Chapter 18. End-User Downtime
In the Quantification table, end-user downtime was not listed among the elements in our example. It certainly could be, however, if downtime could be measured in an objective manner and related to cost-reduction and cost-avoidance dollars. Historically, downtime was perceived as a “soft” cost. Everyone recognized it as existing, but it could not be traced into the balance sheet or income statement. Therefore, downtime has been relegated to somewhat of a marketing term. Downtime has been associated with productivity and efficiency, too, which has added to the desire to list downtime as a “footnote” to traceable costs.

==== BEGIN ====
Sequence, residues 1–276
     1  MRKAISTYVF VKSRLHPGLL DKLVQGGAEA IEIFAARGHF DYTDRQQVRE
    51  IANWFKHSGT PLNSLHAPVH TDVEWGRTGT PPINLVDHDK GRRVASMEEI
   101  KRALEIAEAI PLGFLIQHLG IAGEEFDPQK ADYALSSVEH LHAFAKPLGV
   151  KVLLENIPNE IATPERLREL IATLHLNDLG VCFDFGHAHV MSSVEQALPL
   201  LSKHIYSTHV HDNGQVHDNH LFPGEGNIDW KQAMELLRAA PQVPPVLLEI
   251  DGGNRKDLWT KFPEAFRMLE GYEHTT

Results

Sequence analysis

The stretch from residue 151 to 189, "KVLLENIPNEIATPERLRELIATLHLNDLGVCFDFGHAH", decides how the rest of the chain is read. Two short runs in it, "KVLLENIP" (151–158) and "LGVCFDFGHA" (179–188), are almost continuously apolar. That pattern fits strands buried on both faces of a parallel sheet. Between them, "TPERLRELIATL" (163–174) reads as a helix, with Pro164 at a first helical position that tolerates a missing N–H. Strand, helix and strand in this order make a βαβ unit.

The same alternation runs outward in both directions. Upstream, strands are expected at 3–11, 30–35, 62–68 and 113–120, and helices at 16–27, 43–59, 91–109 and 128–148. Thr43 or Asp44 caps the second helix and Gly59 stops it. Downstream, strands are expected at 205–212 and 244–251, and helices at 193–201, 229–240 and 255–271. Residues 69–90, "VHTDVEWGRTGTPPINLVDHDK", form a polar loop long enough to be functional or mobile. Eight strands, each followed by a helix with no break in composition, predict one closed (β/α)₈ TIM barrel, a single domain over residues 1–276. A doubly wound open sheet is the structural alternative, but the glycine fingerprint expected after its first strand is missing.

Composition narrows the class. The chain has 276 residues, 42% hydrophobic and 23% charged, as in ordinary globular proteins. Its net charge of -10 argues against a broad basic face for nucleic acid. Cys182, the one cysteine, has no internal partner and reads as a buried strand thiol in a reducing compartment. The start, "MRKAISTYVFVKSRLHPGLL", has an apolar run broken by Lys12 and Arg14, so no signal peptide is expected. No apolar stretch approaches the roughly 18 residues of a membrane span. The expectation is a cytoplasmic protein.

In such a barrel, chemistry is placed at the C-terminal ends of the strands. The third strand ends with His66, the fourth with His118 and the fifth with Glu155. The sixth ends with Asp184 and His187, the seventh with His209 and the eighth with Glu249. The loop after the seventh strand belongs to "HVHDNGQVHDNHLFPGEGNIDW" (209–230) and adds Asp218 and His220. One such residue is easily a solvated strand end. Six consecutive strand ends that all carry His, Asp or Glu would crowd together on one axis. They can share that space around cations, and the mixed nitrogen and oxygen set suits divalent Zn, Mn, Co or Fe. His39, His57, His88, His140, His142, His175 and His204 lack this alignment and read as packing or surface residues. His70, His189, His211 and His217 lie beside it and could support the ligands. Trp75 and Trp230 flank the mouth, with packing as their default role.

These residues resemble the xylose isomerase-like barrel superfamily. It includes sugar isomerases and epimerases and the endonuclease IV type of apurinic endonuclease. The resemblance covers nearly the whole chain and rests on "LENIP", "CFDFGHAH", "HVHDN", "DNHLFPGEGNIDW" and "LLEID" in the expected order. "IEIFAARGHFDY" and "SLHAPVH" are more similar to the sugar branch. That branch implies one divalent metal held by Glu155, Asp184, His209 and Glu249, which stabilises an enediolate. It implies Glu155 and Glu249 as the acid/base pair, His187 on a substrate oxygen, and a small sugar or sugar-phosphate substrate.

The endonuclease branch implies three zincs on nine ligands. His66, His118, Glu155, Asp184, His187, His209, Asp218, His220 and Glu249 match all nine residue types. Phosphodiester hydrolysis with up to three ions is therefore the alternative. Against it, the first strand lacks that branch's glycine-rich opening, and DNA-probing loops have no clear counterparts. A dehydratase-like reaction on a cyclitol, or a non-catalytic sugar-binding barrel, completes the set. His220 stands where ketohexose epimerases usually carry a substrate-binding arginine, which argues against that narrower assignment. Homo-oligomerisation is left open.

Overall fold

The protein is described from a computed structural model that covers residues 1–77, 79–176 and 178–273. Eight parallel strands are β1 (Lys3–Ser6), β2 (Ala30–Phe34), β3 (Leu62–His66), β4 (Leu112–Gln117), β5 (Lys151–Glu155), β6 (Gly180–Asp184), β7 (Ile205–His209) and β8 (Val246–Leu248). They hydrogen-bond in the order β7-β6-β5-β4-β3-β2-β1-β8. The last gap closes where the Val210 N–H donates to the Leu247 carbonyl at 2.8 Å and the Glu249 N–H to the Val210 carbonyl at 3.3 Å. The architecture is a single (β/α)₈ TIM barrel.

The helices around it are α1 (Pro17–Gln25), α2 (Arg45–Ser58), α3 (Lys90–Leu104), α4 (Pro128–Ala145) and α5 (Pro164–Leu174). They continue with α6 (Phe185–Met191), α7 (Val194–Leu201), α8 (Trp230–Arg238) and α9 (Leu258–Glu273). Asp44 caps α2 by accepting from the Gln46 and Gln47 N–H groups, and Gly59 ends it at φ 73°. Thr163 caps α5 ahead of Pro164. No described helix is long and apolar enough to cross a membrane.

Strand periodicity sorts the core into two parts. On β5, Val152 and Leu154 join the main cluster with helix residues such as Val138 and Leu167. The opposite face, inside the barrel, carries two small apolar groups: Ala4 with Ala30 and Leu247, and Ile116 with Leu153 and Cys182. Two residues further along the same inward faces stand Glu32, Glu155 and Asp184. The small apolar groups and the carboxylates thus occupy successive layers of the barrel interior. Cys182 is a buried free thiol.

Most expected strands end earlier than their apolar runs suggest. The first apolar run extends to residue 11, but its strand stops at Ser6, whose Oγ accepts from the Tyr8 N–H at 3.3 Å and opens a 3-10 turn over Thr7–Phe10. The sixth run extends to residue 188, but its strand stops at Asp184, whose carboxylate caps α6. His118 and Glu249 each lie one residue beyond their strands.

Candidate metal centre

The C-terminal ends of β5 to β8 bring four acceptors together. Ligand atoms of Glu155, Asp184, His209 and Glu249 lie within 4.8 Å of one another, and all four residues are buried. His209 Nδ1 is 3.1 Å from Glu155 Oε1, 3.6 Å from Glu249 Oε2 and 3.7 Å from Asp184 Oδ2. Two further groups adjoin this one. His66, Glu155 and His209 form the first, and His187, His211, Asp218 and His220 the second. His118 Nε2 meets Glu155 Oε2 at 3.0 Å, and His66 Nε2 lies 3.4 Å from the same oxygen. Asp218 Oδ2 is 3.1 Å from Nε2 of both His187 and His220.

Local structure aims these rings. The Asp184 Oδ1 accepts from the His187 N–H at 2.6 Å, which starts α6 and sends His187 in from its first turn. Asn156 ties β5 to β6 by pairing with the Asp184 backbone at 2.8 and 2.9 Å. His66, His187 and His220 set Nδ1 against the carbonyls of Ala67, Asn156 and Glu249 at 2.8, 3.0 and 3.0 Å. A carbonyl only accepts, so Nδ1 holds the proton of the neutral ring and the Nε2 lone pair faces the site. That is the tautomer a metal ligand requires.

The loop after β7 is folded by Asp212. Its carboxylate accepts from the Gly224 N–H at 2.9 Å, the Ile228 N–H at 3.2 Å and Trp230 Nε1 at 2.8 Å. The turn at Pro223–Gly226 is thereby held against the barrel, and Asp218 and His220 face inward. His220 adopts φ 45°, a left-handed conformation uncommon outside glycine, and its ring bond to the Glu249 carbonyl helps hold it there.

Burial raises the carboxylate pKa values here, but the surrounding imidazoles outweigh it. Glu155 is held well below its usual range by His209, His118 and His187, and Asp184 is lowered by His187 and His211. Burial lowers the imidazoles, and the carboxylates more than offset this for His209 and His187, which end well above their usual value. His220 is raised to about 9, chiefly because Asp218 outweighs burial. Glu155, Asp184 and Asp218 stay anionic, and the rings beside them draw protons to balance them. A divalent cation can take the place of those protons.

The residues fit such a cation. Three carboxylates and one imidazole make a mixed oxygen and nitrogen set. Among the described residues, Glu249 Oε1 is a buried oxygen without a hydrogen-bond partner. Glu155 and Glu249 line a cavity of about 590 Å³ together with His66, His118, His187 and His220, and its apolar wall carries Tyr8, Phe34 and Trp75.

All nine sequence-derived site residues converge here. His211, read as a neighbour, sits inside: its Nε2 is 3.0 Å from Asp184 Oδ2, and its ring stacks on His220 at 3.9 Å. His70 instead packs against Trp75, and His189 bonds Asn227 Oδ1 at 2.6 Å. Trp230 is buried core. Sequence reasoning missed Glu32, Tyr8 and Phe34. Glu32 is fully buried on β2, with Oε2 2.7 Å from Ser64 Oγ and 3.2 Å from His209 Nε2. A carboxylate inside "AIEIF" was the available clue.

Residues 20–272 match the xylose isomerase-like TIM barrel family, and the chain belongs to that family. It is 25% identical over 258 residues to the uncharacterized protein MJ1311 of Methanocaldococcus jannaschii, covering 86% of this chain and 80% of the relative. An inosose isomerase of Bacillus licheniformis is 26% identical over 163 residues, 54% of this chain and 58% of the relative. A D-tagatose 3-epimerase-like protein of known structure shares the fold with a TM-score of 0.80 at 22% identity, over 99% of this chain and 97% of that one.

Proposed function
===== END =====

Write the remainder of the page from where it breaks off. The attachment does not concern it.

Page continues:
As businesses become more and more reliant on access devices to complete job requirements, ...